What Is French Free Climbing? – A Forgotten Style

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French free is one of climbing’s rarer terms. To “french free” a route is often used a bit of an insult or a description of free climb gone a little awry. Nerd out with us about climbing jargon and the history of the term!

Climbing uses all sort of terms to say how a route was climbed. Whether that means what gear was used, how many tries it took, or the style of the ascent. French freeing is an older and less used one but still helpfully describes a pretty common tactic.

What Is French Free Climbing?

French freeing is a term used when you climb basically all the moves free but might once or twice pull on a bit of gear. It happens a lot and no-one particularly cares unless you claim you did something totally free or you’re a professional.

If you’re totally new to climbing then you should most rock climbing is done free as in the style is done as a free climb. Free climbing simply means using your hands and feet to ascent, with the rope and safety gear there only to catch a fall. The gear isn’t there to pull on or aid you actually getting up the route

French freeing means doing something mostly free.

Free solo climbing is when you free something completely alone – aka solo. No harness, no rope, no way off apart from climbing up or down by yourself. Read What Is Free Solo Climbing?

Looking For The French Free Climber?

If you’re after a free solo climber from France, that’s probably Alain Robert. Known as the French Spider-Man, he climbs famous buildings around the world without any safety gear apart from his chalk and climbing shoes.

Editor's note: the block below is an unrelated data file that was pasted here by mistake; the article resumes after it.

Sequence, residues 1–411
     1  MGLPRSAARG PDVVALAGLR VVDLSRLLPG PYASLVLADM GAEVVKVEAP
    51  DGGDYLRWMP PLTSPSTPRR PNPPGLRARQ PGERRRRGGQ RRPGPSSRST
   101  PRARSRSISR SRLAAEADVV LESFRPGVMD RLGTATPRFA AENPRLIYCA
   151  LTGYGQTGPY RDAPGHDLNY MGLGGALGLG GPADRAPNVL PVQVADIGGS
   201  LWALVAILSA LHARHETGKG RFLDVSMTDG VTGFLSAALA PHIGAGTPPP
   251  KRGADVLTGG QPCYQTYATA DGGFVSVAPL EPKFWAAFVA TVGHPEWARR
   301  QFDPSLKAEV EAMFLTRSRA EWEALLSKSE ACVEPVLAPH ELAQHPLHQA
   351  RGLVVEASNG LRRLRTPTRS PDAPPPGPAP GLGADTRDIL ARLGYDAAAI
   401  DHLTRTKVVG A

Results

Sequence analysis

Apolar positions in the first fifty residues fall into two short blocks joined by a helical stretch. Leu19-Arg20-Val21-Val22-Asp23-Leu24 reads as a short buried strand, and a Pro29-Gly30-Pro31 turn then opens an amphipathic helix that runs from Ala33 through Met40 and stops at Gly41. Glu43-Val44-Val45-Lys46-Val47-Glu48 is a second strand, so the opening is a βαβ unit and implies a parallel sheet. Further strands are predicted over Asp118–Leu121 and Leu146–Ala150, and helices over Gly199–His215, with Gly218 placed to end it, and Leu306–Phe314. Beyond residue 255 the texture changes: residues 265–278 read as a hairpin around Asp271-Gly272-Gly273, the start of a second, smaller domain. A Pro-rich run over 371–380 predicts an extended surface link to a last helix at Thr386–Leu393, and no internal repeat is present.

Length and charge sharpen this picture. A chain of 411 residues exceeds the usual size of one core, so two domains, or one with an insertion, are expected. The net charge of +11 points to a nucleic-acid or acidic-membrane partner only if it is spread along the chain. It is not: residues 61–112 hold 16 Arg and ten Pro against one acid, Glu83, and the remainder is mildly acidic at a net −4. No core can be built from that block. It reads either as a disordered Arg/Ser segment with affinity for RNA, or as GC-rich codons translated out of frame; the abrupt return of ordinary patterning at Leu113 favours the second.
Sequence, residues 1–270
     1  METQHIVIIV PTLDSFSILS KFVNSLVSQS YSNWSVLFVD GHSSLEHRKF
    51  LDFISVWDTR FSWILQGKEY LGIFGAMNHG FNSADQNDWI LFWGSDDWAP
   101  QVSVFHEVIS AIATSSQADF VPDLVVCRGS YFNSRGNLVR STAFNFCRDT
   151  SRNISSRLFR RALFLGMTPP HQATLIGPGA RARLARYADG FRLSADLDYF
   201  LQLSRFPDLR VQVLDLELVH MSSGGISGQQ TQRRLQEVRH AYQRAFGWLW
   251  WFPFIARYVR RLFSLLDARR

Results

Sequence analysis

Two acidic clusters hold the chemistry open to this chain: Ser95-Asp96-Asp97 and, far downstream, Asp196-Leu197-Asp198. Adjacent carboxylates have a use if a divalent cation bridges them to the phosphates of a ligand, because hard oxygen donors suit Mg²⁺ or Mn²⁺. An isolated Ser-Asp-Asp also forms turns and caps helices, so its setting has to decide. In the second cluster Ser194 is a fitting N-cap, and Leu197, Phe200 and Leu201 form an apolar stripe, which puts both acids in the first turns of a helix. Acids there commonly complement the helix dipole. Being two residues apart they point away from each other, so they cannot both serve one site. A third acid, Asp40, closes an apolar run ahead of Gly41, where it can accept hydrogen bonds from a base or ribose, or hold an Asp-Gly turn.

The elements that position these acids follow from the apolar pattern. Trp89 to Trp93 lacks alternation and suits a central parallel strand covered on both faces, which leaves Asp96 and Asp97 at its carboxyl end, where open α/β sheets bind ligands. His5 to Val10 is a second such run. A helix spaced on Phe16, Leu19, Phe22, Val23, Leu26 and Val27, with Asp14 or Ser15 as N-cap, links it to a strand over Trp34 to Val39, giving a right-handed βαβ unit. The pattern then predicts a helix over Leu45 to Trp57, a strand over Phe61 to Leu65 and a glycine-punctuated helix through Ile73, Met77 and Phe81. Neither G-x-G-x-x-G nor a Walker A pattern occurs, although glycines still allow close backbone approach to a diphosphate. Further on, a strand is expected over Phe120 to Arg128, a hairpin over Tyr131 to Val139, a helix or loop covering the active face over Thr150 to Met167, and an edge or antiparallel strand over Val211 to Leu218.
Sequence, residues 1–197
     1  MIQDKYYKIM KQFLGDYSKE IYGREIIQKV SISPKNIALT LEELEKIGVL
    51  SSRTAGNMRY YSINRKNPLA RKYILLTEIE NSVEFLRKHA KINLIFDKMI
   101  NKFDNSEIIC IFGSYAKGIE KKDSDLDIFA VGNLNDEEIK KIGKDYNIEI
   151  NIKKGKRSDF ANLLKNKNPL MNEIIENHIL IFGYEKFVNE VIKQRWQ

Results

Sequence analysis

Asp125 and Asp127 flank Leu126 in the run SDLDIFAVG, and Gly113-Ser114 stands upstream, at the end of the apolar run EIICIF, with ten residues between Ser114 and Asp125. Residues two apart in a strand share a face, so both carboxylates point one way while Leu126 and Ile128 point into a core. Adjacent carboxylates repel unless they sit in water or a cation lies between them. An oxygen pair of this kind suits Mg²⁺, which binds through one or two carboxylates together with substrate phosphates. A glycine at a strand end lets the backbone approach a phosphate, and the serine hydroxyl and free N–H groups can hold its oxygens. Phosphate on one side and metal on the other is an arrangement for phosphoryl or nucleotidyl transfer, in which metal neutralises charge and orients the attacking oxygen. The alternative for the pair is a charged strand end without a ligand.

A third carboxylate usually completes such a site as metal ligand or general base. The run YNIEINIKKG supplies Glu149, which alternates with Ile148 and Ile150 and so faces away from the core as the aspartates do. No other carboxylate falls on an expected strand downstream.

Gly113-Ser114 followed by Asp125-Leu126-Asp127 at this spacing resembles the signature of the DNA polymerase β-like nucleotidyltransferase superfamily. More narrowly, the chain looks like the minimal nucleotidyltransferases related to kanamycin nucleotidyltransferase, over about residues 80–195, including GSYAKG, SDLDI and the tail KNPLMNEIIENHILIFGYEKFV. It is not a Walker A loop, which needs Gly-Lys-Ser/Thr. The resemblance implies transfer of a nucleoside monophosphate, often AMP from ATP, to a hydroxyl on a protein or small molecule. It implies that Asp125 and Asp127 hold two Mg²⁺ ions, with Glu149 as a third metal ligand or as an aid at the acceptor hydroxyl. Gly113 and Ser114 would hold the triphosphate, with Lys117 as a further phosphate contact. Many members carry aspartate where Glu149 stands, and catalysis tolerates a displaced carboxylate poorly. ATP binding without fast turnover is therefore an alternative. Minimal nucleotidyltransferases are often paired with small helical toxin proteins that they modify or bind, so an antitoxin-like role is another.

He actually free solos, not French free climbs. Climbing terms can be a lot…

Why French Free Climb?

Originally it was used as a more efficient and much faster way of getting up a wall. Some french climbers at more local crags were training towards alpine ascents. In alpinism getting stuck or taking too long on a route can mean sleeping on a cold, windy ledge overnight.

French free made it possible to focus on climbing the pitches you could do and just getting past the moves you couldn’t.

Most casual climbers going out to do a big multi-pitch will do it at some point. If your aim is to have a big day out of climbing then go for it. If you absolutely must redpoint every pitch then feel free to lower, pull the rope, and try again completely free.

For the most part though as long as you don’t lie about how you did something most people don’t care. Climbing is personal. A great example is when at 63 years old Mark Hudon climbed the “Freerider” route on El Cap with a younger climbing partner Jordan Cannon.

His aim was to be the oldest person to free the route – which he did basically the entire way. In the end on the hardest sequence on the hardest pitch he pulled through for a few moves. Overall climbing it “as free as can be”.

“Free As Can Be” shows climbing El Cap with as much free climbing as possible, and a little pulling on gear

Where Did The Term French Free Come From?

The term and tactics for “French free” came from the same time and place that sport climbing and the new tactics of rap bolting came from – the Verdon Gorge and surrounding crags in France in the 70’s.